Our society is also an acquisitive society that likes to get more and more and expects to get it, even if we have to go more into debt to satisfy our desires.  It has been said that ‘we spend money we don’t have to get things we don’t need to impress people we don’t know.”  Christians are influenced by this culture all around us, so we may expect God to give us more and more, not to take from us, and to make us happy.  This culture around us may influence our thinking about the Christian life when difficulties come and may cause us to be easily broken and discouraged.  I knew a very exuberant Christian who said that she would stop believing if her sister was not cured of illness.  She expected God to do what she wanted.  How different that is from others in the past who saw difficulties as part of the challenge of life.  In the city of Cambridge is Holy Trinity Church where Rev Charles Simeon ministered for nearly fifty years.  He had terrible trouble in that congregation, suffering opposition, attempts to lock him out, humiliation, even disturbances in the streets around the church.  He was asked one afternoon by his friend, Joseph Gurney, how he had overcome all his troubles and all the great prejudice against him in his 49-year ministry.  He replied, “My dear brother, we must not mind a little suffering for Christ’s sake.  When I am getting through a hedge, if my head and shoulders are safely through, I can bear the pricking of my legs.  Let us rejoice in the remembrance that our holy Head has surmounted all His suffering and triumphed over death.  Let us follow Him patiently; we shall soon be partakers of His victory.”  We need a little of that same spirit today.

Yet, there are some things we can say which perhaps help us in our struggles with the difficulties of life and perhaps with unanswered prayers.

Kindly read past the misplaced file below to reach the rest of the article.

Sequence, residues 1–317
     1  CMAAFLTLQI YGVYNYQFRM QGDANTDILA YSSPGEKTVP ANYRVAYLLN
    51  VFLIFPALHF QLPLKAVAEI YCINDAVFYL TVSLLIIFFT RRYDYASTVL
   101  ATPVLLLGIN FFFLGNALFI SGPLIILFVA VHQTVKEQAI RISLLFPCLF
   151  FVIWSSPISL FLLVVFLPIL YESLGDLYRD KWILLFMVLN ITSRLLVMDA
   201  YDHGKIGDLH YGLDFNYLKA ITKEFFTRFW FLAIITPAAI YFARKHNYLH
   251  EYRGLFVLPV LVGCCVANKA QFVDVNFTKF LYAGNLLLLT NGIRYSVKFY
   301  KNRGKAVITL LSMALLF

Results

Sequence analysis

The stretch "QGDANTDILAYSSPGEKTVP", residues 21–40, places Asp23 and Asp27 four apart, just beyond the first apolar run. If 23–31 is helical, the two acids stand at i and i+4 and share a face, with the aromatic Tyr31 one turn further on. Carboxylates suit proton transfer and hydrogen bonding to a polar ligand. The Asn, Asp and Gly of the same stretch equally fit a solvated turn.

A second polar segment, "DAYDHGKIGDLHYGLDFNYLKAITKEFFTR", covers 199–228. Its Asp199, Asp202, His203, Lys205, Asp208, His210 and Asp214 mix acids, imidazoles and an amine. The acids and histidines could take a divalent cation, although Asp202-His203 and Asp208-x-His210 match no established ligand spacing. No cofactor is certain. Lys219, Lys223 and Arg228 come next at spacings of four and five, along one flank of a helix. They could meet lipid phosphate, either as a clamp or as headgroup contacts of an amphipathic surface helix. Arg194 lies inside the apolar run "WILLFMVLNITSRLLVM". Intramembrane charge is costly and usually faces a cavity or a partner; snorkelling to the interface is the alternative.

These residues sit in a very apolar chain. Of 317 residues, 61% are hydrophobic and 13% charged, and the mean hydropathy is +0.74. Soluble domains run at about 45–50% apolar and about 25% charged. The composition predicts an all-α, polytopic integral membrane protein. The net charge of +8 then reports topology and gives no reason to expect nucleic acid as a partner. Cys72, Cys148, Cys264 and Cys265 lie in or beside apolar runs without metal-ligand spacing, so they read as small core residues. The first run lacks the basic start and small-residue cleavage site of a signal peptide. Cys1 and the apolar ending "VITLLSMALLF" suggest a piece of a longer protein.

First, our understanding is limited.  It is undoubtedly a great blessing that we are able to know something of the mind of God, though much is still beyond us, as we have seen in the case of Paul.  God might have made us unable to understand anything at all of His thoughts but He has made us able to increasingly understand His thinking in creating our world.  These days we are discovering more and more of this.   In moral matters, too, we have an understanding of His will in the sense of right and wrong in conscience.  We also have an understanding of His thinking in the great matter of our salvation.  Seneca, Roman philosopher, statesman and dramatist around the time of Christ said, “All my life I have tried to lift myself up from the pit of my besetting sins and I cannot and will not be able to unless a hand is let down to lift me up.”  This surely was an understanding of the need of a saviour.  God has also given us a grasp of His ultimate plan for the end of time.  Then He shall bring about what He originally intended to create – a race of people made in His image to populate His kingdom and have fellowship with Him.  He has disclosed much of His will in these matters to us but we need always to remember that this ability He has given is limited.  We are like students who sit at the feet of a most brilliant professor.  They can understand a little of his teaching which he has simplified so that they can grasp it, but they have no idea of the deep matters that go through his mind.  We are like those students in our relationship with God.